An obituary notice appeared in the Melbourne Argus dated Monday, 9th December, 1918 which read: 'The death of Mr Harry Tubb father of four soldiers occurred at Longwood (Victoria) last week. Mr Tubb has been in ill health for some time. He was a grazier but early in his career was headmaster of the State School at Longwood. He leaves a widow and family of well-known sons and daughters. The sons include Major F.H. Tubb V.C. (KIA), Captain F.R. Tubb MC (wounded), Lieutenant A.O. Tubb, Sapper A.C. Tubb (returned ill-health). Mr Tubb was 68 years old'. [Captain F.R. Tubb M.C., served with the 7th Battalion; Lieutenant A.O. Tubb served with the 60th Battalion and Sapper A.C. Tubb with the Australian Engineers]
After his death Frederick's personal effects were returned to his family in Australia via the AIF Kit Store in London. His mother Mrs Emma Tubb received her sons 1914-15 Star in January 1921, the British War Medal 1914-1920 in February 1921, 'Where the Australians Rest' pamphlet in March 1921; Memorial Scroll in June 1921; the Victory Medal 1914-1919 in July 1922 and the Bronze Memorial Plaque on the 6th January 1926.

In January 1920 Mrs Tubb received a letter from the Imperial War Graves Commission asking her about an inscription on her son's headstone. Replying she requested "Our Dearly Loved Son and Brother Called To Higher Service." She received a copy of the proposed inscribed layout in August 1922 and gave the IWGC her approval.
Major Frederick Tubb's Victoria Cross and campaign medals are in the possession of the Australian War Memorial and his name is inscribed on memorial Panel No.52. Memorials at Longwood also perpetuate his name.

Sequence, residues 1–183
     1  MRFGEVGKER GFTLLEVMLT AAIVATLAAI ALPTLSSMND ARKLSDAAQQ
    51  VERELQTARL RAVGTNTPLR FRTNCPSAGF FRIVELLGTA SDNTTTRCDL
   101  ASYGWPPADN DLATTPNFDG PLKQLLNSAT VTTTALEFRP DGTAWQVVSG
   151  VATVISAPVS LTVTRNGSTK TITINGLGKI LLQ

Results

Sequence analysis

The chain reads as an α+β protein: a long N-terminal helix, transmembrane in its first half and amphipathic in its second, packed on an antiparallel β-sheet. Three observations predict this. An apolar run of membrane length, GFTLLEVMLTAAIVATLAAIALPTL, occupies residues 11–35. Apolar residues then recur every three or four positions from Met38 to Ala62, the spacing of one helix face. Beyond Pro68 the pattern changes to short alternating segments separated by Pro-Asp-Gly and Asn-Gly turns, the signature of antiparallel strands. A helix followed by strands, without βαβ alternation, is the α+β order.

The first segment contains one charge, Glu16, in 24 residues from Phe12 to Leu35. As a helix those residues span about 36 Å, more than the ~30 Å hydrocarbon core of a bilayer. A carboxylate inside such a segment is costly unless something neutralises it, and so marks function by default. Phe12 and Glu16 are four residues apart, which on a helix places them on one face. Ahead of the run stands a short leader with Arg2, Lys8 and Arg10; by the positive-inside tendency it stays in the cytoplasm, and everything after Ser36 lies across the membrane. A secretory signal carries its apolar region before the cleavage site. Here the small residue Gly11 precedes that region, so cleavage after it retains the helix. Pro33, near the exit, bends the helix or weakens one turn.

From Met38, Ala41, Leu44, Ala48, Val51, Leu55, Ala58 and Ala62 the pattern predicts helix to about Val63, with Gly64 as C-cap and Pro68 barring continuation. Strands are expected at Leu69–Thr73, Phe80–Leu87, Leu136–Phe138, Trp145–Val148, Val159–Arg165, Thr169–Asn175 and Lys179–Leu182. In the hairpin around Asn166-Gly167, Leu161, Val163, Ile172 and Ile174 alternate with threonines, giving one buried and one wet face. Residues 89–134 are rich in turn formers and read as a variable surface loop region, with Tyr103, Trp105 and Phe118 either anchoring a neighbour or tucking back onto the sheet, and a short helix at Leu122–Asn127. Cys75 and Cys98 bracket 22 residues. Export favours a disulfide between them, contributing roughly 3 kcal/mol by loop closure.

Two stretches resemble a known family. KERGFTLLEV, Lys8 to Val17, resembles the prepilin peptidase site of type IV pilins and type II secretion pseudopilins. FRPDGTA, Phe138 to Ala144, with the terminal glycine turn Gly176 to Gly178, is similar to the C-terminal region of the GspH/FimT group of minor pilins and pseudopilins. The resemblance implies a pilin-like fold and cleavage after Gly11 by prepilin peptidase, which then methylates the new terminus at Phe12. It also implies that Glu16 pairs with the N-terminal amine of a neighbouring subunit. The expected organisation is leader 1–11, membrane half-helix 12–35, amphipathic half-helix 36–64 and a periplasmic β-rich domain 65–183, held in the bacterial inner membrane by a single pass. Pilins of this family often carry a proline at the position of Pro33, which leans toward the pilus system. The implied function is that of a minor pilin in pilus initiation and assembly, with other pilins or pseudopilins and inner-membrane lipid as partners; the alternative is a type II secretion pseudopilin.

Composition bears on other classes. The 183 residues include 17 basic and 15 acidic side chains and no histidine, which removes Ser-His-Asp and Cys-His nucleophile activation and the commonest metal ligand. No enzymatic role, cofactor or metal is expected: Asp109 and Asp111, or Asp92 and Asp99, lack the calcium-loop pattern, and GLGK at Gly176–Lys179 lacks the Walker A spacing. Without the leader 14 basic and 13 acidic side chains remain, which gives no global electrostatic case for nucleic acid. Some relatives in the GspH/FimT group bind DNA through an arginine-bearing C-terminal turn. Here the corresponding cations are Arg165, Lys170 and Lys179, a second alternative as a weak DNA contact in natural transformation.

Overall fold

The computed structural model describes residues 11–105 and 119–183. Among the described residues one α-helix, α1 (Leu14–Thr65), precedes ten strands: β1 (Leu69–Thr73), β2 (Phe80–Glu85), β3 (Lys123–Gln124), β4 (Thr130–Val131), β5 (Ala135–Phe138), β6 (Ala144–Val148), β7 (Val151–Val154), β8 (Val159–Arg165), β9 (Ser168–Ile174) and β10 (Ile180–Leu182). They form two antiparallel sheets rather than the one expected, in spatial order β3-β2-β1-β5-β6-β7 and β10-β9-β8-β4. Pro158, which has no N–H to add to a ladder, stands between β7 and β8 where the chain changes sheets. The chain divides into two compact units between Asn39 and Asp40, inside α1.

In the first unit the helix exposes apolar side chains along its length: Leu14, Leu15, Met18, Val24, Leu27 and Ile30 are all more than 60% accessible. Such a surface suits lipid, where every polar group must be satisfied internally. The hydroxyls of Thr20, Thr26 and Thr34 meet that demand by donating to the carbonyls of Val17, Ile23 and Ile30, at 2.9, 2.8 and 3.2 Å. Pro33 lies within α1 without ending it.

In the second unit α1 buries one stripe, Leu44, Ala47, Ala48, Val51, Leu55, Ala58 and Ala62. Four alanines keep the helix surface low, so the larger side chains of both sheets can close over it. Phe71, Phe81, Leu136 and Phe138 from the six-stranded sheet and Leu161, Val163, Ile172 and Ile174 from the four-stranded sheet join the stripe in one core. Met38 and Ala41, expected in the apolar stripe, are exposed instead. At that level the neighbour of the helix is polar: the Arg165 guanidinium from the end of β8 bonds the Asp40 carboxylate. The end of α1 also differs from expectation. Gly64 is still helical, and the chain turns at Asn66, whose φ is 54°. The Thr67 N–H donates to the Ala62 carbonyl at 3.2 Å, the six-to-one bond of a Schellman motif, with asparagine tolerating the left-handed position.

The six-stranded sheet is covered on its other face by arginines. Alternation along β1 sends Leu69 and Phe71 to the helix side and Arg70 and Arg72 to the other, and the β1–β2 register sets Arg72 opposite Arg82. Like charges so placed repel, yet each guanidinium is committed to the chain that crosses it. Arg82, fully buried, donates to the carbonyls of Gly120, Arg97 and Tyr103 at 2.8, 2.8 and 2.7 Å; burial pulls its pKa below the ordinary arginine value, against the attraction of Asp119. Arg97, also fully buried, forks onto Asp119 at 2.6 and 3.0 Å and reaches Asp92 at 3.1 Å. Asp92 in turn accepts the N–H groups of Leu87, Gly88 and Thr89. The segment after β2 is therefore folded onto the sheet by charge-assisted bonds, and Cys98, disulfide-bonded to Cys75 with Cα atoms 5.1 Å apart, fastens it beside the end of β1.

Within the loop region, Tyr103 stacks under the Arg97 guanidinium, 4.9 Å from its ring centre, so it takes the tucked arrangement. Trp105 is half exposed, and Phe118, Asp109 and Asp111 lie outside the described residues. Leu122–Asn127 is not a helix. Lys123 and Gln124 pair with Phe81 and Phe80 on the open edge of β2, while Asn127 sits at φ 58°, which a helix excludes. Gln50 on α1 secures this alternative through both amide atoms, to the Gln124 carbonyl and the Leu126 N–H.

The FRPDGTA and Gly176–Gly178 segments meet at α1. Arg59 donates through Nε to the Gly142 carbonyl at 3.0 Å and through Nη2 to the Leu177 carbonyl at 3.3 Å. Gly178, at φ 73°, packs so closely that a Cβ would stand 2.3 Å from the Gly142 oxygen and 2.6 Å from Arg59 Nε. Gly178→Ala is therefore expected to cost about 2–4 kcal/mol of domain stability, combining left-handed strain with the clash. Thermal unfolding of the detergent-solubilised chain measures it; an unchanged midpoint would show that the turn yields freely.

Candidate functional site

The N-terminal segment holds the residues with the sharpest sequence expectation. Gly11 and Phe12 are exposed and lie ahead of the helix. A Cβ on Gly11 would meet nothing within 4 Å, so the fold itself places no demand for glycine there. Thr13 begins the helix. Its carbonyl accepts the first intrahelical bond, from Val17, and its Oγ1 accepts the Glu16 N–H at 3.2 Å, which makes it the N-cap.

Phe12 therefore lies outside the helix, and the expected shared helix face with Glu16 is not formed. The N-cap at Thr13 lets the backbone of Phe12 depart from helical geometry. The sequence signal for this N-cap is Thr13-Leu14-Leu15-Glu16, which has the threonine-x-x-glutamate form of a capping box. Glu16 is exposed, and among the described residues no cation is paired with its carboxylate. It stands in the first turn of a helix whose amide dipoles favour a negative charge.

Elsie, Frederick's sister who was still living in the family home at Longwood applied for the ANZAC Commemoration Medal in June 1967 in respect of her deceased brother. The medal was instituted in 1967 jointly by the Australian and New Zealand Governments and awarded to surviving veterans of the Gallipoli Campaign and on application by the families to the Central Army Records Office at Melbourne to those who had lost their lives. Elsie's request was subsequently approved.
Frederick kept diaries of his experiences with the AIF and when each volume was full sent them back to Australia. The fourteen volumes - one was lost in the 1920's - were held by the family until 2010 when they donated them to the Australian War Memorial. In his last diary entry, 8 days before his death he wrote: 'My company has the honour on the right joining up the 8th Bn. Am handing this [diary] to Frank tonight [also of 7th Bn]. I must not take it into the line with me. I hope to enter up my future doings on this when we come out ... with the very best love [to] all my dear Folk I'll conclude this. I have a very busy time ahead'.
Roger G. Coleman
Australian War Memorial Web-Site ~
National Archives of Australia, Service Record - Major F.H. Tubb V.C.
Wikipedia Web-Site ~
Lijssenthoek Military Cemetery Belgium Web-Site ~
History Of The Great War - Military Operations ~ Gallipoli: Compiled by Brigadier-General C.F. Aspinall-Oglander CB, CMG, DSO. The 1992 edition published by the Imperial War Museum (UK) and The Battery Press (USA). ISBN 0 901627 84 4 (UK); ISBN 0 89839 175 X (USA).
Gallipoli - The Fatal Shore by Harvey Broadbent, Penguin 2005 paperback: ISBN 978 014 301133 0.
VC's of the First World War - Gallipoli by Stephen Snelling, Alan Sutton Publishing 1995; ISBN 0 7509 0566 2.